[quote=manygift1spirit] A simple historical example would be the Prodigal Son story.
And still the point is missed! You cannot use parables to disprove historical errors! When Jesus told the story, did He name the people? Did He name the time and place this occurred? NO, So it was never intended to be historical! This is nowhere near the same level as that found in the book of Judith! Now, ask me about the rich man and Lazarus. I would say that was a true story, because He named Lazarus. I would also suggest that the people He told the story to knew exactly who the rich man was (it would be similar to someone back in the early 1990’s saying, “There was a certain public servant who gained great popularity and rose to a high office, and there was a certain intern named Monica…” Many people would immediately know who the story was about).
patg - I believe the original writings were inerrant. Variations have crept in over the years, but there is not a single doctrine of faith that hinges on a textual variant (for example, the doctrine of the Trinity is not dependent upon a variant found in one particular manuscript). While I am not as familiar with texttual variations as I would like to be, I can say that it does not diminsh the Scriptures we have (at least the copies in the original Greek and Hebrew). I agree that translations can cause changes, which is why I try to avoid using the DR (this was translated from the Latin Vulgate, which was translated from the Greek and Hebrew, thereby being a translation of a translation).
As fascinating as the study of textual variants is, I would still ask - Are the Scriptures “God-Breathed” (as described by Paul in 2 Tim 3:16)? I would also ask for an example anywhere in the Scriptures that we (Catholic and Protestant) agree on, where you can find historical errors of the same magnitude as those found in the book of Judith.
Already refuted (see post #15).
Creation story maybe, parting of the red sea maybe, few more i cannot think of off of the top of my head
Sounds like you beleive evolution is true and God lied about creation. Also, you seem to have a problem with miracles (like the crossing of the Red Sea). I would just say that a miracle is NOT scientific, so to include them as such is inappropriate.
[quote=NotWorthy] You know there’s know way of knowing for sure. They were found, at least in part, in such writings as the Dead Sea Scrolls, but there were other books considered unscriptural that were included in them. Also, they were quoted by the Early Church Fathers, many of which were Jewish converts.
But, since the Jews never had a Canon that they could agree on even amongst themselves, this is something that can’t be definitively stated.
Then why is it OK for you to use this as an argument?
Do you think the Church just brought these up out of the blue. Although She had the authority to do so, I don’t think this was the case.
Of course not. These were added to the Septuagint (in some form or other, along with other writings - which books depended upon which “version” (maybe not the best word to describe this) of the Septuagint you were reading), which was a Greek translation of the Hebrew Scriptures (and other things).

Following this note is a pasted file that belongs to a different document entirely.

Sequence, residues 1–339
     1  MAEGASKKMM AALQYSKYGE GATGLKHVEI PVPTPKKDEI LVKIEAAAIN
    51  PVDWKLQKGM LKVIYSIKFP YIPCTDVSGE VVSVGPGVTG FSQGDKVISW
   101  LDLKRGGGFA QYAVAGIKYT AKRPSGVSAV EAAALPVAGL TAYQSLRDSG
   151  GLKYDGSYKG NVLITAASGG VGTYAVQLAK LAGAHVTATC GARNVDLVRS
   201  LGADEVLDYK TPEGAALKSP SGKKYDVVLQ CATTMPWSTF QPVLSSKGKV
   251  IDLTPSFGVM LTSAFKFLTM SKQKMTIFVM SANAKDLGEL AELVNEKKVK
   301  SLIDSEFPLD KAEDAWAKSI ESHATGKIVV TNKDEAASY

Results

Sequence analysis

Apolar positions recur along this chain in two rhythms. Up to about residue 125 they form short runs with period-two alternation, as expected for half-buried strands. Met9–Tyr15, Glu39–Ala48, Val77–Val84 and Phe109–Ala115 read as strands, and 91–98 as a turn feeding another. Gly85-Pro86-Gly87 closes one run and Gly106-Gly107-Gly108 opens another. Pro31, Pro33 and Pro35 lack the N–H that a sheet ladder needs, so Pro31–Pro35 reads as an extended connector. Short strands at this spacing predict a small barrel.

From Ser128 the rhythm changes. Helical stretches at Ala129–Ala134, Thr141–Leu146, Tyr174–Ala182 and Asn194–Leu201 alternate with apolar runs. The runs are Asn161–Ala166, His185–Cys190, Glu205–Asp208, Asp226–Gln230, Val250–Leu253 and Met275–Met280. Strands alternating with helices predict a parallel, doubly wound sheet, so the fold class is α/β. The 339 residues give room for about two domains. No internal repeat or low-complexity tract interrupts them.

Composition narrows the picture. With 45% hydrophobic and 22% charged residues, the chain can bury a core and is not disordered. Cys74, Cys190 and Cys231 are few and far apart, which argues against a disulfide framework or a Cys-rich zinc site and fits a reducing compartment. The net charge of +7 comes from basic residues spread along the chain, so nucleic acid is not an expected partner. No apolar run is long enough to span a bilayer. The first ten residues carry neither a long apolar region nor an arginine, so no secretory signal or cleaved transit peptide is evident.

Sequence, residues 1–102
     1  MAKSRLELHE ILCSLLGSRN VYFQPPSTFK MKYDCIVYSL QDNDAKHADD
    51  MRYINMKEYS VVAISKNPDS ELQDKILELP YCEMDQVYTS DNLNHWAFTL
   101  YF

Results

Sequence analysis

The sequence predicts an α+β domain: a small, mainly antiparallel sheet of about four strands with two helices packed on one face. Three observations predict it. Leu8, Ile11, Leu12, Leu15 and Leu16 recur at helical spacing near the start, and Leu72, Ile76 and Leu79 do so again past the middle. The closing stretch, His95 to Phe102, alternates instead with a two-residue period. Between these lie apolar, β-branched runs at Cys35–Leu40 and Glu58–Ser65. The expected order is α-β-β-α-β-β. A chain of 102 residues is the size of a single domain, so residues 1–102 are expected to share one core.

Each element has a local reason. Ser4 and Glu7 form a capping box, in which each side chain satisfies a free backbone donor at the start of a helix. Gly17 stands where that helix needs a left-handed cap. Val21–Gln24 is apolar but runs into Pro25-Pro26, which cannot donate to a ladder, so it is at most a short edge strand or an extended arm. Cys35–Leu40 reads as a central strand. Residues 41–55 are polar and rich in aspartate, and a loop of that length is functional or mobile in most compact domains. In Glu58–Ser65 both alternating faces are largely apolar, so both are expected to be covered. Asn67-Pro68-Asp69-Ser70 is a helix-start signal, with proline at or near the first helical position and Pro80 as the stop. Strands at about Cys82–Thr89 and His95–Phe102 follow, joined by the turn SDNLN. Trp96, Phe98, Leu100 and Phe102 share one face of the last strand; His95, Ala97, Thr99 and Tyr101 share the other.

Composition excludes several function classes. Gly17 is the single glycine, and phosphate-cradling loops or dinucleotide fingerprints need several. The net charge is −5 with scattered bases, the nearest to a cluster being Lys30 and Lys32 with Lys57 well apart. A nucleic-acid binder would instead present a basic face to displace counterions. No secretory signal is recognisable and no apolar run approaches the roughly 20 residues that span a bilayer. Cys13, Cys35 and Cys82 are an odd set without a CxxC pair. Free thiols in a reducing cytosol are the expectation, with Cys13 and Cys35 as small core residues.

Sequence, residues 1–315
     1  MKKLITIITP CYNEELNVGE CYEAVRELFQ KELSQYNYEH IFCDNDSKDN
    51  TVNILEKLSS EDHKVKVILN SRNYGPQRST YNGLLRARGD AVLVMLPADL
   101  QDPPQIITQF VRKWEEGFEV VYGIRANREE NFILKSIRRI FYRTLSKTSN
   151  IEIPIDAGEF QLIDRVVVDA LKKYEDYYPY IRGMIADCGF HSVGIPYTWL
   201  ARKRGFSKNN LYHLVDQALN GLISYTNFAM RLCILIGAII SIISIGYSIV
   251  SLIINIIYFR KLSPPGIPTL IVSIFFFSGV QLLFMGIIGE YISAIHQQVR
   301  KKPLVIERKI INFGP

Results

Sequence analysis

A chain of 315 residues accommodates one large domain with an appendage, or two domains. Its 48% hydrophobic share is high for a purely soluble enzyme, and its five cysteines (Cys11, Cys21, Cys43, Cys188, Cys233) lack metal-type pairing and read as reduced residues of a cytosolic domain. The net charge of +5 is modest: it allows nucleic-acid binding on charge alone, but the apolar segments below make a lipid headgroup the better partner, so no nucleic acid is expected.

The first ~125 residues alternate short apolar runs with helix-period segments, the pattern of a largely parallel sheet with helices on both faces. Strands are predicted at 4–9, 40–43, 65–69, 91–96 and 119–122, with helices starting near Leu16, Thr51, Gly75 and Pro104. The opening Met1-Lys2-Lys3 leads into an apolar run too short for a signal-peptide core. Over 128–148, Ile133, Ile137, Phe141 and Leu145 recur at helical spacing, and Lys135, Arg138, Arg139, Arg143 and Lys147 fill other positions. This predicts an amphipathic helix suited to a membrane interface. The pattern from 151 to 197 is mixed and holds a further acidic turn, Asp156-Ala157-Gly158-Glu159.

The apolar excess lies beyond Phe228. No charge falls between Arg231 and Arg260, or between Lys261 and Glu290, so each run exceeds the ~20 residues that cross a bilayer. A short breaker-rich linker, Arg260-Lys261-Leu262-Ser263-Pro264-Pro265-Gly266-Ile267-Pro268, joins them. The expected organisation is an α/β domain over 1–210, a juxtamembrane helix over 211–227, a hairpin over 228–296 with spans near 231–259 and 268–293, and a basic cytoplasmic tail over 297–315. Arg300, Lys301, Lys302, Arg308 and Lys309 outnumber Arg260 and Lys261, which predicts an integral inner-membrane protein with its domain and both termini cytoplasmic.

For instance, the Council of Jamnia, it is claimed, rejected these. Why would they even feel the need to reject them if there were no question as to their Canonicity.
I keep hearing about this “council”, but I have never seen any evidence of it. Please name your source (I would love to see some credible documentation about it, and am almost ready to go to “Ask the Rabbi” for information on it). As I understand it, there was no “council”, Jamnia was a Rabbinical school, and the discussion was limited to Ecclesiastes and the Song of Solomon (see here).
Unless the authors weren’t treating the book as a historical account. I think you present a false argument here. It’s like making up the rules in the 7th inning of a baseball game. Hmmm… you wouldn’t perhaps be a democrat, would you?
Isn’t the author of Scripture God? He used men to write it, but isn’t He the author? And if Jesus didn’t misrepresent history in His parables (or anything else He said), why would God allow such errors in His inspired written Word? Was God incapable of keeping errors out of His inerrant Word? Was God incapable of preserving His inerrant Word? Even with the textual variants we have, we know that we have His inerrant Word faithfully represented.
How am I “making up the rules”? (and why resort to name calling? I had nothing to do with the Obamanation currently in the White House!). I’m being consistent in seperating parables from history.
I’m not questioning whether there was a king that could have forgiven a servant a vast amount of money. But do you realize how much money 10,000 talents is? This is an astronomical amount.
This is a PARABLE, not HISTORY. The amount is used to show that there is no way WE can ever pay for our own sins. We are ALL worthy of death and the eternal fires of hell, but God (the King), in His mercy, has forgiven His people (that, by the way, is a HISTORICAL FACT).
This is where you are stuck.
I don’t think so. First of all, the Song of Solomon does not name names, dates, empires, etc…, so it’s obviously not meant to be taken historically. Second, you did not answer the direct question - “which of the 3 explanations offered by Joe 5859 would you use to explain these contradictions with known history?” This, again, is referring to the historical contradictions found in Judith.